Buckeye fever propels high-flying Richards
The Canadian with Ohio State ties wants to play hockey in the Buckeye state.
By JOE SCALZO
VINDICATOR SPORTS STAFF
YOUNGSTOWN -- Before he arrived at Ohio State in 1995, Chris Richards lived his entire life in a Canadian town of 45,000 people, playing ice hockey every day and, other than watching an occasional Canadian Football League game, basically ignoring football.
"The enrollment at Ohio State was like 48,000, so it was quite an eye opener," said Richards, who is entering his second season as a center for the Youngstown SteelHounds. "I loved the fact that you could not see the same people every day."
He also grew to love something else. "I'm a big college football fan now," he said. "I couldn't care less about the NFL."
Richards has played in the Central Hockey League for six years, spending time in New Mexico and Austin, Texas, before requesting a trade to the SteelHounds before last season.
His wife of a year and a half, Melissa, grew up near Dayton and the two started dating at OSU. They now have a house in Austintown. Melissa works year-round at Household Finance, while Richards does odd jobs in the offseason.
"It's closer for both our families," said Richards, who is about eight hours from his hometown of Cornwall, Ont. "Hopefully I can be here for many years to come and make this our community."
Fourth-leading CHL scorer
Based on how he played last season, Richards should be here for awhile.
He posted career-highs last season in goals (22) and assists (70) and finished fourth in the CHL in points.
He also formed a talented 1-2 punch on offense with teammate, Jeff Christian, who had a CHL-best 55 goals and finished second in the league in points.
The SteelHounds didn't win as many games as they'd hoped, which was due in part to the constant travel. The SteelHounds are the league's only team in the northeast part of the country.
"The travel is rough, especially when your wife is home and you don't get to see her," he said. "We've got a good bus that can sleep everybody and there's a lounge where you can play cards, but it gets tiresome to spend three weeks in a hotel.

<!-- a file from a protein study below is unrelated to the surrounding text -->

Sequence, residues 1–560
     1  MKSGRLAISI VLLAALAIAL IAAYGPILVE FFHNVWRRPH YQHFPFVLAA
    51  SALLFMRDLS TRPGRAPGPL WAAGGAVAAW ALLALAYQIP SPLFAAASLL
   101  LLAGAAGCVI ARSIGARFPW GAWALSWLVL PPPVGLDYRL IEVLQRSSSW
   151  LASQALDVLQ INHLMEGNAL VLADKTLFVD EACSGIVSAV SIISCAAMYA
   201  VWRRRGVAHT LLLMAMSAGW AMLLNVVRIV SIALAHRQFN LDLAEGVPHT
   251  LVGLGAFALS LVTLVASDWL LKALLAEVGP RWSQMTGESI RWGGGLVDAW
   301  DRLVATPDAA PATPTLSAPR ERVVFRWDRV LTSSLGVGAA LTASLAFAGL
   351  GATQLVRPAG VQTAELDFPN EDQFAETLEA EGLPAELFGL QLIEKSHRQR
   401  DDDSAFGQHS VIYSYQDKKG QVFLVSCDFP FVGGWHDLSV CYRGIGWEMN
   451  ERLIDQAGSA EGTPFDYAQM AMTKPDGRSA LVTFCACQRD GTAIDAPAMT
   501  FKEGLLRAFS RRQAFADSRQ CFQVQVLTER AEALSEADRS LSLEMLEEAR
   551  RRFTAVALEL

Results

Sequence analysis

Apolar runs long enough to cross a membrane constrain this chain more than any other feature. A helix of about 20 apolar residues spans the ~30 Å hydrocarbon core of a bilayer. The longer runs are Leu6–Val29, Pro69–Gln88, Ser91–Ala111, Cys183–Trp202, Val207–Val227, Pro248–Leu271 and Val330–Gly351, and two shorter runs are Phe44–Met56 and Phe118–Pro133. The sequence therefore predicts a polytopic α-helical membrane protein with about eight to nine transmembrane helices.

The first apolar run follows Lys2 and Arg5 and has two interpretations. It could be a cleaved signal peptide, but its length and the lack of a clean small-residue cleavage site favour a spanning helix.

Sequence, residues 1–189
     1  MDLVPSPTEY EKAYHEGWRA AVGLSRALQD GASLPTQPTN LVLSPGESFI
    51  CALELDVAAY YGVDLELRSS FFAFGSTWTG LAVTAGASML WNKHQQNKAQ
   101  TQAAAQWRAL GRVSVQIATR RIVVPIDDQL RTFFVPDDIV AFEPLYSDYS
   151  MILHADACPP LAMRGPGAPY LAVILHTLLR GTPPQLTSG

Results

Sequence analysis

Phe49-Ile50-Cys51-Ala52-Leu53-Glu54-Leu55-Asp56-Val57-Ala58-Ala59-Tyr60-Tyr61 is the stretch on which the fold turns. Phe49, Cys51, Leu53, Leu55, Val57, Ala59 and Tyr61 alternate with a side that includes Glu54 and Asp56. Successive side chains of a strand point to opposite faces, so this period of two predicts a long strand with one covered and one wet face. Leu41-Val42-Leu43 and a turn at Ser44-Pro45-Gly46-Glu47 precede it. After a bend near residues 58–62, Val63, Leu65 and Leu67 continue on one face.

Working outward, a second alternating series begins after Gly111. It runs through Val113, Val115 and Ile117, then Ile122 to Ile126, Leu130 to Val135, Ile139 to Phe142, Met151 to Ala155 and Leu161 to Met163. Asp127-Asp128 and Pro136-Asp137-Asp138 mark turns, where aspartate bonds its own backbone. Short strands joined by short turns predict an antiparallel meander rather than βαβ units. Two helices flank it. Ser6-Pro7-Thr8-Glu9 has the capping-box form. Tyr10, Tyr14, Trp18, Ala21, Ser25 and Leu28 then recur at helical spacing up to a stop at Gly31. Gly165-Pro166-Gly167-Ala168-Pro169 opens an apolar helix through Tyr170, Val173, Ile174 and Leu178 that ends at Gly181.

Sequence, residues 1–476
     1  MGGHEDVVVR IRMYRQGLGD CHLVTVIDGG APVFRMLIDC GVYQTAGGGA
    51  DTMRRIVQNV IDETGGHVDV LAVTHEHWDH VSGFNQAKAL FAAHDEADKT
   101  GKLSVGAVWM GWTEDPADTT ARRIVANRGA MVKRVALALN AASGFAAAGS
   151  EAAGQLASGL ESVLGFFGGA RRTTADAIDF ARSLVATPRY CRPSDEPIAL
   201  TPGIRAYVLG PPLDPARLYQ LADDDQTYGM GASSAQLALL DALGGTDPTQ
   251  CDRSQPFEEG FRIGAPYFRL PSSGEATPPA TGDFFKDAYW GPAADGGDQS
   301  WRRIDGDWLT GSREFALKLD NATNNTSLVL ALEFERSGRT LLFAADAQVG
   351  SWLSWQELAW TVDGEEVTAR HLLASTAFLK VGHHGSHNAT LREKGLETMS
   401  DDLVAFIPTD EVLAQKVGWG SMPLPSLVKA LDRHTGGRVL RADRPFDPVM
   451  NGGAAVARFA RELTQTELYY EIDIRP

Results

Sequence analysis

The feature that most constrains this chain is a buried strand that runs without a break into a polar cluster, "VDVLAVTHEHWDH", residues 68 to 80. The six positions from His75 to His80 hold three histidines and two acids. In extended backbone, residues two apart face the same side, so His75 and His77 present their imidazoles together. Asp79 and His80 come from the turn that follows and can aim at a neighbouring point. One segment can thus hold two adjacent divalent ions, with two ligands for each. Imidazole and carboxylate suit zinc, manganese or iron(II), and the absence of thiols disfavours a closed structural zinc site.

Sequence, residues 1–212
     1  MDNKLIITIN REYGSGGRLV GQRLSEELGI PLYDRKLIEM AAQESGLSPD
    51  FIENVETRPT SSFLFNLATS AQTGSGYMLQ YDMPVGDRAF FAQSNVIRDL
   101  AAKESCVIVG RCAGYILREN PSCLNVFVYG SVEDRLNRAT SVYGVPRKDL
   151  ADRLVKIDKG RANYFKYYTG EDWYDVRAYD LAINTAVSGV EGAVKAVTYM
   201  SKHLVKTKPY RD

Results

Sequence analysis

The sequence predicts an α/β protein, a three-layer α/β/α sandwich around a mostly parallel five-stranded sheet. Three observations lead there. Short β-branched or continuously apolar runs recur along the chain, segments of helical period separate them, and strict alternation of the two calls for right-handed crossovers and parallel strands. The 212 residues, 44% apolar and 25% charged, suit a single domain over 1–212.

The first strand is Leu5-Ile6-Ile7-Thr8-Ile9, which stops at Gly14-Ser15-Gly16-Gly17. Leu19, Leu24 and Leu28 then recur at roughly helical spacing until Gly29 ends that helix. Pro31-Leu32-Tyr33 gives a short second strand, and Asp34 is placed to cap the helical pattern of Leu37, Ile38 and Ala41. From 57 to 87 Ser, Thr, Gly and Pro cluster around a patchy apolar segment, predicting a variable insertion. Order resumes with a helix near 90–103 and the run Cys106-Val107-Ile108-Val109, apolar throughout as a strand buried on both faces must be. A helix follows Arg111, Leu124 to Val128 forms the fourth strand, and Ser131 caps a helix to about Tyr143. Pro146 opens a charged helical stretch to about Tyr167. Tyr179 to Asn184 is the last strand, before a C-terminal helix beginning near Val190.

"You want to get back to your own place and your own kitchen."
They also want to get back to their own rink. After playing in some run-down CHL facilities -- Richards called the arenas in New Mexico and Austin "cow barns" -- he was impressed by the Chevy Centre.
"This is a hockey rink," he said. "It's a top-notch facility."
He was also impressed by the community's support. Youngstown is (and always will be) a football town first, but the team built a solid following in its first season.
"You've got hockey fans in Pittsburgh and you've got hardcore fans, but you also have a lot of fans who came for the first time," said Richards. "Hockey's one of those sports where, if you see it live one time, you'll love it."
It's not the first time Richards found success in a football-first town. Richards was a member of the Buckeyes' Frozen Four team in 1998 and spent a half a season in the newly-built Schottenstein Center.
"When I look back, those were the funnest years of my life," he said. "I still have a lot of buddies who live down there."
He's building new memories now. And entering his second season with the SteelHounds, he has high hopes.
"We've got a core handful of guys to build on and we're bringing in some new guys who will help us out," he said. "Hopefully we can be a playoff team."